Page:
What is beyond dispute, however, is that the label applies to a growing share of Americans.
About a quarter of U.S. adults (27%) now say they think of themselves as spiritual but not religious, up 8 percentage points in five years, according to a Pew Research Center survey conducted earlier this year.
This growth has been broad-based: It has occurred among men and women; whites, blacks and Hispanics; people of many different ages and education levels; and among Republicans and Democrats.
For instance, the share of whites who identify as spiritual but not religious has grown by 8 percentage points in the past five years.
To be clear, the survey did not directly ask respondents whether the label “spiritual but not religious” describes them.
Instead, it asked two separate questions: “Do you think of yourself as a religious person, or not?” and “Do you think of yourself as a spiritual person, or not?”
The results presented here are the product of combining responses to those two questions.
In addition to those who say they are spiritual but not religious, 48% say they are both religious and spiritual, while 6% say they are religious but not spiritual. Another 18% answer both questions negatively, saying they are neither religious nor spiritual. Looked at another way, only 54% of U.S. adults think of themselves as religious – down 11 points since 2012 – while far more (75%) say they are spiritual, a figure that has remained relatively steady in recent years.
The growth of “spiritual but not religious” Americans has come mainly at the expense of those who say they are religious and spiritual. Indeed, the percentage of U.S. adults in this latter group has fallen by 11 points between 2012 and 2017.
Who makes up this rapidly rising, “spiritual but not religious” segment of American adults?
While many of them (37%) are religiously unaffiliated (describing their religious identity as atheist, agnostic or “nothing in particular”), most actually do identify with a religious group, including 35% who say they are Protestant, 14% who are Catholic and 11% who are members of others faiths, such as Judaism, Islam, Buddhism or Hinduism.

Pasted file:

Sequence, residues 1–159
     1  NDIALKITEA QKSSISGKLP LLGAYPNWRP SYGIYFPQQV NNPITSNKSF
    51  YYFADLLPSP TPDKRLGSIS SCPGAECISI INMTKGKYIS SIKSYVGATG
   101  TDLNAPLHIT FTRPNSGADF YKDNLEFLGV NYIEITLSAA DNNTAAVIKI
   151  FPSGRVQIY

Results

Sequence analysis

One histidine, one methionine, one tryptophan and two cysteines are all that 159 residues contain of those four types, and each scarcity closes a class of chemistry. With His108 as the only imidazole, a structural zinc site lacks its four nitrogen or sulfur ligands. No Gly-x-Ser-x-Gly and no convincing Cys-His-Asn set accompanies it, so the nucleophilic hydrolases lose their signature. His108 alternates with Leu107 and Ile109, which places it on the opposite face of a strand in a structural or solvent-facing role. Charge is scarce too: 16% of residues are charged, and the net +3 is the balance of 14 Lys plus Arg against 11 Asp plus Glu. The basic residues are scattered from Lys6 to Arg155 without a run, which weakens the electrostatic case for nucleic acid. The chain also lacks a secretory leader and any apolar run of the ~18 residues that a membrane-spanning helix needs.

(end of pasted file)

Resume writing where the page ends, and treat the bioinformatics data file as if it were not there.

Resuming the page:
Many in the “spiritual but not religious” category have low levels of religious observance, saying they seldom or never attend religious services (49%, compared with 33% of the general public) and that religion is “not too” or “not at all” important in their lives (44% vs. 25% of all U.S. adults).
But others in this group appear to be quite observant, at least by traditional measures – 17% say they attend religious services weekly, and 27% say religion is very important to them. In both cases, those who think of themselves as spiritual but not religious are more observant than those who say they are neither religious nor spiritual.
Those who are “spiritual but not religious” are about evenly split between men (47%) and women (53%) – in stark contrast with those who say they are neither religious nor spiritual, 62% of whom are men.
Similarly, when it comes to race and ethnicity or age, those who are spiritual but not religious do not look dramatically different from the U.S. public overall, although they do skew a bit younger (for example, just 12% of these adults are ages 65 and older, compared with the 19% of all U.S. adults who are in this age group).
“Spiritual but not religious” Americans are more highly educated than the general public. Seven-in-ten (71%) have attended at least some college, including a third (34%) with college degrees.
In addition, they lean Democratic, with 52% identifying with or leaning toward the Democratic Party, compared with 30% who identify as or lean Republican.
Those who are neither religious nor spiritual also are more likely to be Democrats (52%).
Compared with the spiritual but not religious, the share of Democrats among the religious and spiritual and the religious but not spiritual is lower, at 39% and 41%, respectively.
Connect with NJTODAY.NET
Join NJTODAY.NET's free Email List to receive occasional updates delivered right to your email address!